Jamie Elvey, left, stars as Hanan, a Lebanese singer who surrenders her identity for Latin pop stardom, in "Learn to Be Latina." Aditi Kapil plays an ethnic consultant for the music industry.
Jeff Wheeler, Star Tribune
LEARN TO BE LATINA
What: By Enrique Urueta. Directed by Mark Valdez.
When: 7:30 p.m. Fri.-Sat., 3 p.m. Sun., 7:30 p.m. Wed.-Thu. Ends May 13.
Where: Mixed Blood Theatre, 1501 S. 4th St., Mpls.
Tickets: Free rush line. Guaranteed admission: $15. 612-338-6131 or mixedblood.com.
Pop stardom, at what price?
- Article by: ROHAN PRESTON
- Star Tribune
- April 19, 2012 - 2:47 PM
There is a sequence in "Learn to Be Latina" where officials at a record company are discussing a hot new talent. They praise her singing. They compliment her beauty. Then one laments her Lebanese background, saying what a bleeping waste of talent.
The scene gets to the heart of the comedy, which has a lot of strong language and opens tonight at Mixed Blood Theatre.
After a rehearsal last week, director Mark Valdez invoked the names of such superstars as J. Lo, Shakira and Salma Hayek and marveled at their success. He also wanted to explain the title and import of Enrique Urueta's play, which is making its regional premiere.
"Twenty years ago, you might not have had someone wanting to pass as a Latina," he said. "Today, some of the biggest stars are Latino. The most watched TV network is Univision, which is making stars like Sofia Vergara. Of course, people who don't speak Spanish don't know this, and that means it doesn't exist to them. But people still have a feeling about all the change that's afoot and want to ride the demographic wave."
"Latina" is about the intersection of two women's journeys. One is a Latina character who, many years ago, passed for Irish because that's what she thought she needed to do to succeed. Now she is helping up-and-coming young Lebanese singer Hanan, whose record label thinks that she is unmarketable. Hanan is offered a Faustian bargain: surrender her identity for Latin pop stardom.
The setup takes aim at some real issues and large targets, said Valdez, a California-based director who staged a bilingual "Pajama Game" in 2007 at Mixed Blood.
"We think of Shakira as Colombian and Salma Hayek as Mexican, but they're both Lebanese," he said. "They're bicultural, but they play the game that this play critiques."
Valdez was quick to add that cultural reduction and appropriation are part and parcel of America's history of fluid identities.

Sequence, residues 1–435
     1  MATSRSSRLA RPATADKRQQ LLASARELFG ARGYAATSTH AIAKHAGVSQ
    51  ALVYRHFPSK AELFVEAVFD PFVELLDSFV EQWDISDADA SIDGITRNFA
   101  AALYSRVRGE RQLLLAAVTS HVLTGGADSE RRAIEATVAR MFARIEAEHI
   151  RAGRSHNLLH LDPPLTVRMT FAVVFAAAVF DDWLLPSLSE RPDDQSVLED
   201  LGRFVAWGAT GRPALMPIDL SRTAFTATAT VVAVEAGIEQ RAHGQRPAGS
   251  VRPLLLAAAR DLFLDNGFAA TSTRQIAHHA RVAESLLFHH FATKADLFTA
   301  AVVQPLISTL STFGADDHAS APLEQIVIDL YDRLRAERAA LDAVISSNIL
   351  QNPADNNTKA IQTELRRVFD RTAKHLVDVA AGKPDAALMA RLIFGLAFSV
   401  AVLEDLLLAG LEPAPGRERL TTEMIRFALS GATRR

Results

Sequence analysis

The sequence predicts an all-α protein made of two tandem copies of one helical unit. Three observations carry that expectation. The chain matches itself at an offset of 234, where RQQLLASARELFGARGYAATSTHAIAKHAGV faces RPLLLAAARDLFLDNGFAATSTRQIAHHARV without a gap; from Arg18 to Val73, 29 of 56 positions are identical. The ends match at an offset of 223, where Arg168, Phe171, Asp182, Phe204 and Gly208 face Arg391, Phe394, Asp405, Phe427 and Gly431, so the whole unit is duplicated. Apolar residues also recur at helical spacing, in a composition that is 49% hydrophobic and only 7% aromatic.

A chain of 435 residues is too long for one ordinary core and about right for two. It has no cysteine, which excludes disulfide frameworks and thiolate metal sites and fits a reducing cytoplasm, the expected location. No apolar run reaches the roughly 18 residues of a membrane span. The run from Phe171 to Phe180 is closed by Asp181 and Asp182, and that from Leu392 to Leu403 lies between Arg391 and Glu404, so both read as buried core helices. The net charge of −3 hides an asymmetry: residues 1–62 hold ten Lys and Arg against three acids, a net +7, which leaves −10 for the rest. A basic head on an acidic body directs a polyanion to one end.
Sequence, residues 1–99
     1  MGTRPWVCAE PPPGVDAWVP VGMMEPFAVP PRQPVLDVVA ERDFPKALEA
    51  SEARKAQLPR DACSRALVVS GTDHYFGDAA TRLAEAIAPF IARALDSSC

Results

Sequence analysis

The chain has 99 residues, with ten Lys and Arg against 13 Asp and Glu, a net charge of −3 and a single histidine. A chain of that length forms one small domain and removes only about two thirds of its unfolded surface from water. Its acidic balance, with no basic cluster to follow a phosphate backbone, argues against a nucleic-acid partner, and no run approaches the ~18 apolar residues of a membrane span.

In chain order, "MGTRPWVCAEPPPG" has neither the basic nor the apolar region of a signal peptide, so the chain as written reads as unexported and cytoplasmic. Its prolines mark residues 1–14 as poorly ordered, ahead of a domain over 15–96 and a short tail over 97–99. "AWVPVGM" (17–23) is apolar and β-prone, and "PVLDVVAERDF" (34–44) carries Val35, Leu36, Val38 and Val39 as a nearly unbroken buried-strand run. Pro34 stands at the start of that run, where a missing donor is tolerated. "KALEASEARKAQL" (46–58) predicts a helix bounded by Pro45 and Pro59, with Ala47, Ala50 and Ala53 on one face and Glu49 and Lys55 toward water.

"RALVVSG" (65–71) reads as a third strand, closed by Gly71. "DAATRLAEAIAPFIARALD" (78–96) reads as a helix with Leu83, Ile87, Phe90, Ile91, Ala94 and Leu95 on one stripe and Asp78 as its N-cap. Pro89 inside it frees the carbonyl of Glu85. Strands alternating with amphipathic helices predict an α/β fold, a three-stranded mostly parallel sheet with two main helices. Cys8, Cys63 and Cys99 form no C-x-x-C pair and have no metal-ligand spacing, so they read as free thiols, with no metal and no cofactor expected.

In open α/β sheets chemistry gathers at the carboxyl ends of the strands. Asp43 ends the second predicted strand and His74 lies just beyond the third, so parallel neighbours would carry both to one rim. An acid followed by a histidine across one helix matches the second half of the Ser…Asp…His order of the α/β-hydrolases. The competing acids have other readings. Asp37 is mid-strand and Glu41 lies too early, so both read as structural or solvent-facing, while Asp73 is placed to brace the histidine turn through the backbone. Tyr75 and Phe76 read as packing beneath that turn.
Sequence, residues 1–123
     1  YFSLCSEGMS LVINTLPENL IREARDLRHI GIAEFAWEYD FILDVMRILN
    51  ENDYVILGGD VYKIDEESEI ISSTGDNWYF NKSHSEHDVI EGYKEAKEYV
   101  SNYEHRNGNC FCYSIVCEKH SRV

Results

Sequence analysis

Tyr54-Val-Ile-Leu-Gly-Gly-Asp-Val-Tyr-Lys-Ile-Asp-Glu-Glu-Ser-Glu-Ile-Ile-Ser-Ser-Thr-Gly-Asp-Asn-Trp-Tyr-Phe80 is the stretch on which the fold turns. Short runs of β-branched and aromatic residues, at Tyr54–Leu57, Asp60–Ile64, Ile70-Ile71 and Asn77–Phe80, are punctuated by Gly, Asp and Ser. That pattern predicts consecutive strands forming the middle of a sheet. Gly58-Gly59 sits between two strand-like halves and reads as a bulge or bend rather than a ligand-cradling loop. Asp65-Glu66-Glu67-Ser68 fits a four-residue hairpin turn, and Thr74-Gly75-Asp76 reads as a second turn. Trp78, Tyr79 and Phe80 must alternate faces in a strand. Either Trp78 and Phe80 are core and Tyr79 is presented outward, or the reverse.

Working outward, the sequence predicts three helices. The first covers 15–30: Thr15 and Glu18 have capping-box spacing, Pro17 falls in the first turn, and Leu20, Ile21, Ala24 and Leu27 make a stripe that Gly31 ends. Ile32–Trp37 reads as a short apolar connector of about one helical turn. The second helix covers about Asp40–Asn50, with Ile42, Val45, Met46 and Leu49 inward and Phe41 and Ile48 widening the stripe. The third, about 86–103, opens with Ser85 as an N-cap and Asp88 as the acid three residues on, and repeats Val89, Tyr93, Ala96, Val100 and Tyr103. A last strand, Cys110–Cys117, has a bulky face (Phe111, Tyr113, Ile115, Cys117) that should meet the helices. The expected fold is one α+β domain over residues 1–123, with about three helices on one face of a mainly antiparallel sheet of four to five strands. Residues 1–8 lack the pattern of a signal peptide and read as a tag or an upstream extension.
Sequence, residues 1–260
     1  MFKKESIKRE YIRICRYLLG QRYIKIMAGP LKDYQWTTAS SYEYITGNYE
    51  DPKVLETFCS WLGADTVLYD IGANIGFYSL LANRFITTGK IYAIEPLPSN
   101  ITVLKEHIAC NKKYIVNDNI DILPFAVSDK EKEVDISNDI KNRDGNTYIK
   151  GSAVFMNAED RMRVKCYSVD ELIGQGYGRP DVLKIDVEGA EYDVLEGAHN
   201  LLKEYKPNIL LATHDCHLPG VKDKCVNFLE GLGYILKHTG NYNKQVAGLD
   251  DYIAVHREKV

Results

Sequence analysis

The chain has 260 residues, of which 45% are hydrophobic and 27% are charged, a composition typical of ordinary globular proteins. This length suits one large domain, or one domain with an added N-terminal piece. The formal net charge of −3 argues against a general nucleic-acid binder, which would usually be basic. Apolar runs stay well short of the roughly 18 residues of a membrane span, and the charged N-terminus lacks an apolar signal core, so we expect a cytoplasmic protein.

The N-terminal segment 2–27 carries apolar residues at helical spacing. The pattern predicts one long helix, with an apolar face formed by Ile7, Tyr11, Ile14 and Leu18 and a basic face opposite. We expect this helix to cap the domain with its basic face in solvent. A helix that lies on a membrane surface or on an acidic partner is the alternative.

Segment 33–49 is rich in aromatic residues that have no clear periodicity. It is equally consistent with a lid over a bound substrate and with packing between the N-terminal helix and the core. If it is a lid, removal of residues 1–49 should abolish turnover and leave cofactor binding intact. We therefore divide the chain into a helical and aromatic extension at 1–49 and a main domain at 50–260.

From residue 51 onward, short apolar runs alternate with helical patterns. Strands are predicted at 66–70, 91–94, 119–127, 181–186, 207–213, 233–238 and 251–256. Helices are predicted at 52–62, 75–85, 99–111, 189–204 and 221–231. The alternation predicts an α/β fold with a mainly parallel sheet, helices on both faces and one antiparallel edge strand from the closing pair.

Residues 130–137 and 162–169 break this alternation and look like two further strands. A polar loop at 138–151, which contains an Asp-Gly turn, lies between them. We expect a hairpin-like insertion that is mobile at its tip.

"People at Ellis Island changed their names all the time," he said. "In Hollywood, so-called ethnic names were and still are changed."
"Latina" concludes a Mixed Blood season that started with the controversial and explosive "Neighbors," which had provocative figures in blackface and featured a character chewing off his own member.
This production will also be edgy, although in different ways, said Mixed Blood founder Jack Reuler, as it savagely interrogates imposed and assumed identities.
"It's the right bookend for a season that tackles race," said Reuler. "The play is an onion that feels like it's about entertainment, exploitation and cultural appropriation. After the playwright gets people to open their mouths in laughter, he shoves the truth down their throats."
Jamie Elvey, who is Lebanese-American and a 2008 masters degree graduate of the University of California-Irvine, plays Hanan. The cast includes Bonni Allen and Brian Skellenger, both alumni of the theater's "Avenue Q," as well as George Keller, Hope Cervantes and Aditi Kapil, who plays the ethnic consultant.
"Latina" confronts the struggle "to embrace all of who we are," Reuler said. "Six of the seven actors in the play are of mixed race. Where are the parts of them in our entertainment industry? Why do they have to check boxes and limit themselves?"
Director Valdez echoed Reuler.
"This is a madcap comedy where the jokes are fast and furious," he said. "But underneath it all, there's this plea for space where we can be our whole selves, gay and religious, brown, black and white, all at once."
The play also looks at the price of passing.
"If you're just trying to be something other than your authentic self, you'll either cross the line where this new identity takes over or you kind of splinter," said Valdez. "It happens in this play at the high level of a record contract. But it happens in families, too, and in our workplaces and schools. People are constantly trying on new identities, new ways of negotiating and presenting ourselves to the world."
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